Ralph Buehler’s research interests fall into three areas: (1) the influence of transport policy, land use, socio-demographics on travel behavior; (2) active travel and public health; and (3) public transport demand, supply, financial efficiency, and policy. Most of his research has an international comparative perspective, contrasting transport and land-use policies, transport systems, and travel behavior in Western Europe and North America. For a pdf version of the CV click here.
Ralph’s research, outreach, and teaching seek to advance the understanding of determinants of individual travel behavior and the sustainability of transport systems. The goal is to identify and share policy lessons on how to achieve a more environmentally sound, economically efficient, and socially equitable urban transport system. Leveraging a comparative analysis framework, his research effectively contrasts travel behavior, socioeconomic factors, land use, transport policies, and the sustainability of transport systems at city, regional, and national scales in North America and Western Europe. Couched in solid theoretical frameworks and including national and international best practices, his work helps inform policy makers and contributes to the development of students in the field of planning.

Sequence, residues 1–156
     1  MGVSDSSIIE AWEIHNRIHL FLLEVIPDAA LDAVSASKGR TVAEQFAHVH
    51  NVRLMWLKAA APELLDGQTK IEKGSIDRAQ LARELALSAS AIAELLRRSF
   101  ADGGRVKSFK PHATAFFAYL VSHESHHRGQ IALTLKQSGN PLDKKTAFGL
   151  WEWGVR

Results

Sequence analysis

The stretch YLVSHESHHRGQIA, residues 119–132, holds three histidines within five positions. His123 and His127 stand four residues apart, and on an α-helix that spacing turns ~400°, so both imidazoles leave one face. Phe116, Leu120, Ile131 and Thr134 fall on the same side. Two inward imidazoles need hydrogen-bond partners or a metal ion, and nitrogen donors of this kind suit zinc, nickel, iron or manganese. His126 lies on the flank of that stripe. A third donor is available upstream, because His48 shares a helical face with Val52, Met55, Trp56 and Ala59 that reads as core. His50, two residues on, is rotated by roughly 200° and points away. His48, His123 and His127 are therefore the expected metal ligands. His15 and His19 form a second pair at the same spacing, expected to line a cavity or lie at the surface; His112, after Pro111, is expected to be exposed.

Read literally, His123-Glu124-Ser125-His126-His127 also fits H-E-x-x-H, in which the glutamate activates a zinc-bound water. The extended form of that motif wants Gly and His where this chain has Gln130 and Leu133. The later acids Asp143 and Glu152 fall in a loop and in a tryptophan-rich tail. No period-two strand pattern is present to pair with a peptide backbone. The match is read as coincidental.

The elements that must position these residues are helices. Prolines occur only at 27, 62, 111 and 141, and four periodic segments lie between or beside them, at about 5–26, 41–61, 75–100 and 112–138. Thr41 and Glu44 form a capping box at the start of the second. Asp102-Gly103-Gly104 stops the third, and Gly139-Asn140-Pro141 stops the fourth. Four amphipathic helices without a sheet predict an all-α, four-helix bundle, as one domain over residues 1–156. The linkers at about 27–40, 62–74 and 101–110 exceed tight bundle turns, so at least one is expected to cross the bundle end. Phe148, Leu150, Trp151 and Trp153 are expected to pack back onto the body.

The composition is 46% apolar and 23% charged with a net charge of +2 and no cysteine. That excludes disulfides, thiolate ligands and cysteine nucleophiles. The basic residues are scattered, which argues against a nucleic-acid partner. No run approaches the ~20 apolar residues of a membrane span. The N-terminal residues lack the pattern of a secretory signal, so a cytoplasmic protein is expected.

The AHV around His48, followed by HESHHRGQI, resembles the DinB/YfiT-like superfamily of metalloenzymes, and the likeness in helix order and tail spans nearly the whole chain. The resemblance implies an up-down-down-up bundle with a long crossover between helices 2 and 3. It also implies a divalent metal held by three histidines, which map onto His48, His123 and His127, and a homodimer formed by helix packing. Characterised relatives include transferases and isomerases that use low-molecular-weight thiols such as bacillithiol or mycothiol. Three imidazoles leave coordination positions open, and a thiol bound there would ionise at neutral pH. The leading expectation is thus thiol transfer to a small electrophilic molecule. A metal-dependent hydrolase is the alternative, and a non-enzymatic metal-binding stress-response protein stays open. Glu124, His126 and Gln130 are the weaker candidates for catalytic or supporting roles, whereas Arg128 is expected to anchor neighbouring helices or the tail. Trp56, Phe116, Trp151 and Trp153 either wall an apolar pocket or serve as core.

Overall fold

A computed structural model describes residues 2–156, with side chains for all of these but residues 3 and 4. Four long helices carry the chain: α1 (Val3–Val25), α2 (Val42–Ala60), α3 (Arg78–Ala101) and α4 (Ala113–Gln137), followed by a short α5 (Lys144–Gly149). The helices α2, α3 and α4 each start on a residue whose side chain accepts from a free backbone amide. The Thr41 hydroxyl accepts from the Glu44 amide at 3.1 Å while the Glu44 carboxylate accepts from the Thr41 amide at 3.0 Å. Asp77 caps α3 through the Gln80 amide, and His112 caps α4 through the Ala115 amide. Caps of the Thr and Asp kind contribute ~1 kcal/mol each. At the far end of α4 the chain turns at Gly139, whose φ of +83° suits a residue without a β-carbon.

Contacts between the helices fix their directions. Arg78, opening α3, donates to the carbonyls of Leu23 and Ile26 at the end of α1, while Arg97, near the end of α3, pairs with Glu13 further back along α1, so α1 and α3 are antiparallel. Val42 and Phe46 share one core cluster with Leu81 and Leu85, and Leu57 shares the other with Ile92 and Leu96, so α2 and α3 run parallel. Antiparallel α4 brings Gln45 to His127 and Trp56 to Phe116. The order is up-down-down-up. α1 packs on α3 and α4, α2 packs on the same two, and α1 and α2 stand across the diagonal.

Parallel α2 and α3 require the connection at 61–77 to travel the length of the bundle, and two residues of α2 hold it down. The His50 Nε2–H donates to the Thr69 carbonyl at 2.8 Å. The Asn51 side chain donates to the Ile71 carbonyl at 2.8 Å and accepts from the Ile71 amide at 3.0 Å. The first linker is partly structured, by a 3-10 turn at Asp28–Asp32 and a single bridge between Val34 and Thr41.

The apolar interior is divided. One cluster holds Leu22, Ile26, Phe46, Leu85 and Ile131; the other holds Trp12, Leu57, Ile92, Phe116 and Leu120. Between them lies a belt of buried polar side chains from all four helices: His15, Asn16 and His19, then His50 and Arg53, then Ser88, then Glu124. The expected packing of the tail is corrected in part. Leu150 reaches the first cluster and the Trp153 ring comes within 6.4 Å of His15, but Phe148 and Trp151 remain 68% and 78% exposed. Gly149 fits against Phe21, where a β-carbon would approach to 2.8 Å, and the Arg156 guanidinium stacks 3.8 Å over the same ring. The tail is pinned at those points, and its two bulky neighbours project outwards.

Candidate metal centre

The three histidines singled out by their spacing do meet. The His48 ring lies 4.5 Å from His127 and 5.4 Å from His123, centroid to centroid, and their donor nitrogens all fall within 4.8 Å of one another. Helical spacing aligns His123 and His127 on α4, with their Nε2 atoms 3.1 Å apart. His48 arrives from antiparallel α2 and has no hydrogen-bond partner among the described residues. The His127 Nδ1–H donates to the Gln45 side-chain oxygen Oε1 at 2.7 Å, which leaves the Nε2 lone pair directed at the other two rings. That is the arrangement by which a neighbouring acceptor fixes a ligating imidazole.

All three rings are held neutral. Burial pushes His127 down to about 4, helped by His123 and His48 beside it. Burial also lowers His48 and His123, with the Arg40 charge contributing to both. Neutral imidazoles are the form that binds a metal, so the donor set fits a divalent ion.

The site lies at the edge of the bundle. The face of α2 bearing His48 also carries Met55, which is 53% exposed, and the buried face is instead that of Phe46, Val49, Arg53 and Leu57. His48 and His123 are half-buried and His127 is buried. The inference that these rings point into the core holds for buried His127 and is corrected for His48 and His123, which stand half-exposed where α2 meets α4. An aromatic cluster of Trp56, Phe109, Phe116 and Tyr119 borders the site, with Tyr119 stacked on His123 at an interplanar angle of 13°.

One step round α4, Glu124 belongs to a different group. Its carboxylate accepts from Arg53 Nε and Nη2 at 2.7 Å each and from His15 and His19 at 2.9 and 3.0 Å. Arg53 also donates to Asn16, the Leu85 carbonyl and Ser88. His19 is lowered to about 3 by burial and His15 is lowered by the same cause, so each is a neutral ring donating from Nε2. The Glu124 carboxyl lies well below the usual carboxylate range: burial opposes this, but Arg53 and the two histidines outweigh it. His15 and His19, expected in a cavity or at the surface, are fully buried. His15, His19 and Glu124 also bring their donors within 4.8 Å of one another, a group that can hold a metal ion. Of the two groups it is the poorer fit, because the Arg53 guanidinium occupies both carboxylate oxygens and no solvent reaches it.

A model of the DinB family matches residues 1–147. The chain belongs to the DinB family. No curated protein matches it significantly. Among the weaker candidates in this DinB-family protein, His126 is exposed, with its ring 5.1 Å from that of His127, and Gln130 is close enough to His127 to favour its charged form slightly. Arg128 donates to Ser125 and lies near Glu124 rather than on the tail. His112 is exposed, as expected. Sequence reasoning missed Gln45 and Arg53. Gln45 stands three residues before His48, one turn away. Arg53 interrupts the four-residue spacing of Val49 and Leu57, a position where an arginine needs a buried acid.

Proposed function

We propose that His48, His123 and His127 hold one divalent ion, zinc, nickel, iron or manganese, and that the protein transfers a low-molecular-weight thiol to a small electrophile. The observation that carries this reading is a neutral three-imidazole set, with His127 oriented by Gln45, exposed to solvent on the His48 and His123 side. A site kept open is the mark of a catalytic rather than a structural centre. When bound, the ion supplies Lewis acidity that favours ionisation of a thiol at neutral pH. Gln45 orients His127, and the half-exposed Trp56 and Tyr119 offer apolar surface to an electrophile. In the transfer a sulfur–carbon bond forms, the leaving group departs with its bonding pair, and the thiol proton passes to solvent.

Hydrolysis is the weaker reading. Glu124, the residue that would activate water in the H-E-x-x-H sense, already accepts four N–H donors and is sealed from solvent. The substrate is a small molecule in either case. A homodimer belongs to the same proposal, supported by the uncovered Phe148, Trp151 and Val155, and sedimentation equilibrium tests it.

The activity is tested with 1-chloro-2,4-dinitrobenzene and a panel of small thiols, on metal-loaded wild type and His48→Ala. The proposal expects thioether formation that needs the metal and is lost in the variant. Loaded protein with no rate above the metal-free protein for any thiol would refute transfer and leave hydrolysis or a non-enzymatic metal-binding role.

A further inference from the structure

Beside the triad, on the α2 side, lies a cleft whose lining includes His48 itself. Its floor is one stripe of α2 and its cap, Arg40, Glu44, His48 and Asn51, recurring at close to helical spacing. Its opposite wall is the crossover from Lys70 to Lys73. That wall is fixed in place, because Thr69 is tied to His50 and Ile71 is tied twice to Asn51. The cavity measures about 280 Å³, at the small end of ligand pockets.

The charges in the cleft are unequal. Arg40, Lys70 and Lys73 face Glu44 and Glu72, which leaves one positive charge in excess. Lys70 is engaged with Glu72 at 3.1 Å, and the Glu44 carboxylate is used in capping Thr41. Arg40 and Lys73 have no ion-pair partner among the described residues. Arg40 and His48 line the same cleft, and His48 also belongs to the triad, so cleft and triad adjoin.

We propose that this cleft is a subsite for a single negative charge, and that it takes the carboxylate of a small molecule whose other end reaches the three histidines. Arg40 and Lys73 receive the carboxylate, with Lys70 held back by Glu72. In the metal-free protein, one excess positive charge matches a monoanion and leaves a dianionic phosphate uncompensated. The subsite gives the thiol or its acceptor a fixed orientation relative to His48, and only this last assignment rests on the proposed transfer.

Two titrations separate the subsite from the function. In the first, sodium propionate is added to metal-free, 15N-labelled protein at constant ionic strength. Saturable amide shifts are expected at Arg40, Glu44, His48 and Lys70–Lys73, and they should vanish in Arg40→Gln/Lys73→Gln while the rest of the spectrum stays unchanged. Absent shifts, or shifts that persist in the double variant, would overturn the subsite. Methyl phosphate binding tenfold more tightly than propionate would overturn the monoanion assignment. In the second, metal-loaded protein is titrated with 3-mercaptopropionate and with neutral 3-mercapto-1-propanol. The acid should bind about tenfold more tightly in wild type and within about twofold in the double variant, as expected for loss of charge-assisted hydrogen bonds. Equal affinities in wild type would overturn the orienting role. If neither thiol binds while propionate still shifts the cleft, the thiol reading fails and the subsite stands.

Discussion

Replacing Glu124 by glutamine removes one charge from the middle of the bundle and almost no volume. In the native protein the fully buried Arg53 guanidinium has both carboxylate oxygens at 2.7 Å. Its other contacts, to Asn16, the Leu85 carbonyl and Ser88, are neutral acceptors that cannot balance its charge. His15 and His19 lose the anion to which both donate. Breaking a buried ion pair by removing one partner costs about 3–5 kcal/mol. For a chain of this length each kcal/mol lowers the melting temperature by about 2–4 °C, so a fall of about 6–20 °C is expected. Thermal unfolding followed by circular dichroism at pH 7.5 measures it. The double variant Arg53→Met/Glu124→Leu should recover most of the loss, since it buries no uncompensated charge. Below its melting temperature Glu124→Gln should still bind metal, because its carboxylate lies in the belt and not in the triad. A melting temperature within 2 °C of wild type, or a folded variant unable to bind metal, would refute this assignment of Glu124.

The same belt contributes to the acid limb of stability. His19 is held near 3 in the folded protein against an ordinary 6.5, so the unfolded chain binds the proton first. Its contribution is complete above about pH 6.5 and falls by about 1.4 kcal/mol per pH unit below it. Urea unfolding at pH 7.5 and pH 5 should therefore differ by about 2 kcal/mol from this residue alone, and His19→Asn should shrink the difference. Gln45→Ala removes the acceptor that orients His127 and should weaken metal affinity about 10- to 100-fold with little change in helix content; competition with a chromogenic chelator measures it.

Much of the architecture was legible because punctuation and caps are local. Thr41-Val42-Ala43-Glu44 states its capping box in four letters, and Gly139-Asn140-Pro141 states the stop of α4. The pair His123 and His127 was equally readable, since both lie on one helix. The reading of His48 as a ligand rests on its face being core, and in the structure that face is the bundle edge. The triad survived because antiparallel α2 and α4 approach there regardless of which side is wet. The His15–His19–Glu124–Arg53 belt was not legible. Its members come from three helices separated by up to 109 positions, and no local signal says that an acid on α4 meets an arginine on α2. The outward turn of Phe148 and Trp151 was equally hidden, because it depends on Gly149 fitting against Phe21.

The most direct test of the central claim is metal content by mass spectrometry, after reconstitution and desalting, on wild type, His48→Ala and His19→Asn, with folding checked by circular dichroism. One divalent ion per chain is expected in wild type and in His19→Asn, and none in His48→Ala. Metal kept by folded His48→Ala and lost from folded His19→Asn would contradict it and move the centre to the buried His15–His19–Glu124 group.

Ralph’s research has been funded by the German Federal Ministry of Transport, The Brookings Institution, the University Transportation Research Center (UTRC), the Mid-Atlantic Universities Transportation Center (MAUTC), IFMO, INFAS, the U.S. Department of Housing and Urban Development (HUD), and the Alliance for Biking and Walking. He has received fellowships from the ENO Foundation, the Federal Highway Administration, the Federal Transit Administration, and the German Academic Exchange Service (DAAD).
Bron and raised in Germany, he has gained research and work experience in his home country, the UK, France, and the USA. Ralph holds a PhD in Planning and Public Policy and a Masters of City and Regional Studies from Rutgers University, as well as a Masters in Politics and Management from the University of Konstanz, Germany. His dissertation “Transport Policies, Travel Behavior, and Sustainability: A Comparison of Germany and the U.S.” was honored with the “Barclay Gibbs Jones Award for Best Dissertation in Planning 2008” by the Association of Collegiate Schools of Planning (ACSP).